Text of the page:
Are you looking to expand your frequency spectrum? Do you want to know the best headphones for vinyl with which to do it?
Then come along, as we expand your hearing capabilities and explore the best headphones for listening to vinyl.
Table of Contents
- What Makes Good Vinyl Headphones?
- 1. Sennheiser HD 650 (Best for Best)
- 2. Sony WH-1000XM4 (Best for Bluetooth)
- 3. AKG K72 (Best for Budget)
- Final Tones
- FAQs Best Headphones for Vinyl
What Makes Good Vinyl Headphones?
This will very much depend on the individual needs, wants, and desires of the consumer. There are many variables to think about. Though it seems that the unanimous and universal desire would be to prioritize sound quality.
Will your headphones be open-back or closed-back? The former refers to a pair of headphones that have a perforated external shell that allows air and surrounding sound into the phones freely. This reduces pressure and promotes a more natural sound for extended listening sessions.
This all sounds well and good. But the reason some decide to opt for closed-back headphones is so that they can prevent people from hearing the music they are listening to and so that they can block out external sounds.
It, thus, stands to reason that the best vinyl headphones will cater precisely to each person’s needs and circumstances.
Even if headphones sound great, they might not be the right choice for some. Especially for some people for vinyl listening.
Listening to vinyl records is a very specific experience, just as specific as the specific circumstances of each listener. Some might even prefer to listen to their music with Bluetooth headphones. Something which will be rendered at least a little more difficult considering vinyl’s status as an analog format.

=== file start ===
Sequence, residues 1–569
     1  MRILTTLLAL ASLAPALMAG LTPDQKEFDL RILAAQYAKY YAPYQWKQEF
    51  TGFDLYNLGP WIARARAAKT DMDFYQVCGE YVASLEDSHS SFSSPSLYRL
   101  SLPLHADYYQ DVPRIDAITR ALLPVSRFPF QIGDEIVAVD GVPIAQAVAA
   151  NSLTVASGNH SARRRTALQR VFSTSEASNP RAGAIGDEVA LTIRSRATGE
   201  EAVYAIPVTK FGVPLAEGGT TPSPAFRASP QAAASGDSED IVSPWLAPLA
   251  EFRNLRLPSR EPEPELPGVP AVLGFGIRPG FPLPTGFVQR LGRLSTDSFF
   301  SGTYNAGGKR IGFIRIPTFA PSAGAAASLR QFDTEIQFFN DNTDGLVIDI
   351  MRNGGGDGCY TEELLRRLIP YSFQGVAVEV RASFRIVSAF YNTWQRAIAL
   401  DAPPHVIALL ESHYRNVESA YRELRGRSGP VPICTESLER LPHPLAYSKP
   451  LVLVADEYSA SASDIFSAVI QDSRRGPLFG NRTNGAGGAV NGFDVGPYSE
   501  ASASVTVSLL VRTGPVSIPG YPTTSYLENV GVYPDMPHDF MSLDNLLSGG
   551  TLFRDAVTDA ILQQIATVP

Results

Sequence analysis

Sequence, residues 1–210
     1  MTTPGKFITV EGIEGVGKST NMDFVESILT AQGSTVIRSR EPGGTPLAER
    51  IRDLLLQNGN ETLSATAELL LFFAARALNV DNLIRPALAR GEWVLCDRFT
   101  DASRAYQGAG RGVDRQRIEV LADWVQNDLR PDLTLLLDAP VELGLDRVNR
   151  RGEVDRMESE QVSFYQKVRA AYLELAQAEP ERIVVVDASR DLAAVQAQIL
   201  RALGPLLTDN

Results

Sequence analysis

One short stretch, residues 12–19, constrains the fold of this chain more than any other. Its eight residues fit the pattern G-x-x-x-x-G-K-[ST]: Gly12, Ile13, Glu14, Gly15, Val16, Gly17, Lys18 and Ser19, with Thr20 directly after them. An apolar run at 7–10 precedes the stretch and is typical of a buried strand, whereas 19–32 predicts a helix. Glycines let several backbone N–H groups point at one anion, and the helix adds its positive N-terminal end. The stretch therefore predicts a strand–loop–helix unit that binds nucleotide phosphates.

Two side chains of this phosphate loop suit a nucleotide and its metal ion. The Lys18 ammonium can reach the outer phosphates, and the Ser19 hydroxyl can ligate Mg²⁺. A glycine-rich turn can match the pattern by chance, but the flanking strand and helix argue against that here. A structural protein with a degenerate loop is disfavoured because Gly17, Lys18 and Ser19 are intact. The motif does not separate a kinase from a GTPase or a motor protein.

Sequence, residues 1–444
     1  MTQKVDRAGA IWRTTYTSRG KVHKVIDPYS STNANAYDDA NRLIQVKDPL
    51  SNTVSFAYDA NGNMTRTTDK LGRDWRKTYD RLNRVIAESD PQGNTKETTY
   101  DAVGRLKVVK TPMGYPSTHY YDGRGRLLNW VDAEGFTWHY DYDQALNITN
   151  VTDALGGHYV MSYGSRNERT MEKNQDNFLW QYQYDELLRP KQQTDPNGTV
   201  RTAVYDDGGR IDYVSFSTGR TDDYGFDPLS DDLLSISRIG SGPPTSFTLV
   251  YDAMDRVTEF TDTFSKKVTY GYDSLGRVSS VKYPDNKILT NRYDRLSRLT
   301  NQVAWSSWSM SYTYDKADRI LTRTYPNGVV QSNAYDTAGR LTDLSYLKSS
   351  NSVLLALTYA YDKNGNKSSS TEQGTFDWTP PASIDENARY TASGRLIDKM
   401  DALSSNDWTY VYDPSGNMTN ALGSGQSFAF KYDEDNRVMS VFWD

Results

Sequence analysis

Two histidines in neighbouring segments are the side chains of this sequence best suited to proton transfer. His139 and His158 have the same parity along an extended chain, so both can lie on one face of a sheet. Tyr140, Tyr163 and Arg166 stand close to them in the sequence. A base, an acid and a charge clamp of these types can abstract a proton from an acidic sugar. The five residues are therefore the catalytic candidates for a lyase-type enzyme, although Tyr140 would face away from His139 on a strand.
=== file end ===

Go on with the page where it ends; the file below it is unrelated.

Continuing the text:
Likewise, the ear cups might need adjusting for over-ear headphones, something that some models simply do not cater to. Bass response, sound isolation, and the like will be just some of the qualities of in high-quality headphones.
1. Sennheiser HD 650 (Best for Best)
Sennheiser has a long history of providing quality sound solutions for fairly reasonable prices. Founded by scientist Fritz Sennheiser in 1945 in a farmhouse in Hanover, the company has since become one of the most recognized faces in the game. Manufacturing all sorts of cutting-edge audio technology.
No doubt coming in at a sum, these boast a better-than-average sound quality at a price that most record collectors will be able to afford if they save up their pennies.
These open-back headphones are designed for on-ear use with a headphone amplifier that is optimized to ensure that external noises, like the sound of the headphone wire against your clothes as are going to and from somewhere. For instance, do not build up enough to distract you from your listening experience.
- The sound quality is extraordinary considering the fairly reasonable price point.
- The design is largely inoffensive, and the fact that it weighs hardly anything makes this a pair of portable headphones that can be taken anywhere despite what the heft of the design might imply.
- Comfortable with more than adequate cushioning for the ears
- and with a long cable that can stretch the listening experience just about anywhere – this cable is also detachable, meaning that it can be easily replaced.
- The design can come at a cost, for the paint can easily chip from the surface if one is not careful enough.
2. Sony WH-1000XM4 (Best for Bluetooth)
For those more inclined towards comfort above other factors, then you can’t really go wrong with this pair of headphones. If you cannot do without Bluetooth technology – even when you are listening to your favorite vinyl records on your Bluetooth record player between different rooms of the house – then you and this pair of headphones were made for each other.
Sony actually better Bluetooth, in fact, by making use of LDAC technology which seeks to allow music to be enjoyed wirelessly in the highest quality possible, coming as close to mimicking a wired connection as you are likely to find on today’s market.
These features are extended even to the Dual Noise Sensory technology, which can adapt to the surrounding environment and cancel out any unwanted noise as though it were never there in the first place. Neat!